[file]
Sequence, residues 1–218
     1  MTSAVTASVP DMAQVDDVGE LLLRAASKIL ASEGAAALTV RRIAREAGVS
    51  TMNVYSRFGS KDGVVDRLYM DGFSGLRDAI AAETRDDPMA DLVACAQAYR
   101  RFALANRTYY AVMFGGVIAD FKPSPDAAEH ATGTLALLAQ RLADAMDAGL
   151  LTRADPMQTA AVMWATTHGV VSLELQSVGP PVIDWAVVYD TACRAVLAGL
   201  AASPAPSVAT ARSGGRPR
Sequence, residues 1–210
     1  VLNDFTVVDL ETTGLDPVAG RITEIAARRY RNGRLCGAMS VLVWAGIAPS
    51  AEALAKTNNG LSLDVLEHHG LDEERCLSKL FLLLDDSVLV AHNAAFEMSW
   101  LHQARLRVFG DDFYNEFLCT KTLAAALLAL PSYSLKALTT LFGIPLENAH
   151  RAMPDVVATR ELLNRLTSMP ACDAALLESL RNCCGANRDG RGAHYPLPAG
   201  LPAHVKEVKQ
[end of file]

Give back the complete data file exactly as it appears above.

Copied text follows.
Sequence, residues 1–218
     1  MTSAVTASVP DMAQVDDVGE LLLRAASKIL ASEGAAALTV RRIAREAGVS
    51  TMNVYSRFGS KDGVVDRLYM DGFSGLRDAI AAETRDDPMA DLVACAQAYR
   101  RFALANRTYY AVMFGGVIAD FKPSPDAAEH ATGTLALLAQ RLADAMDAGL
   151  LTRADPMQTA AVMWATTHGV VSLELQSVGP PVIDWAVVYD TACRAVLAGL
   201  AASPAPSVAT ARSGGRPR
Sequence, residues 1–210
     1  VLNDFTVVDL ETTGLDPVAG RITEIAARRY RNGRLCGAMS VLVWAGIAPS
    51  AEALAKTNNG LSLDVLEHHG LDEERCLSKL FLLLDDSVLV AHNAAFEMSW
   101  LHQARLRVFG DDFYNEFLCT KTLAAALLAL PSYSLKALTT LFGIPLENAH
   151  RAMPDVVATR ELLNRLTSMP ACDAALLESL RNCCGANRDG RGAHYPLPAG
   201  LPAHVKEVKQ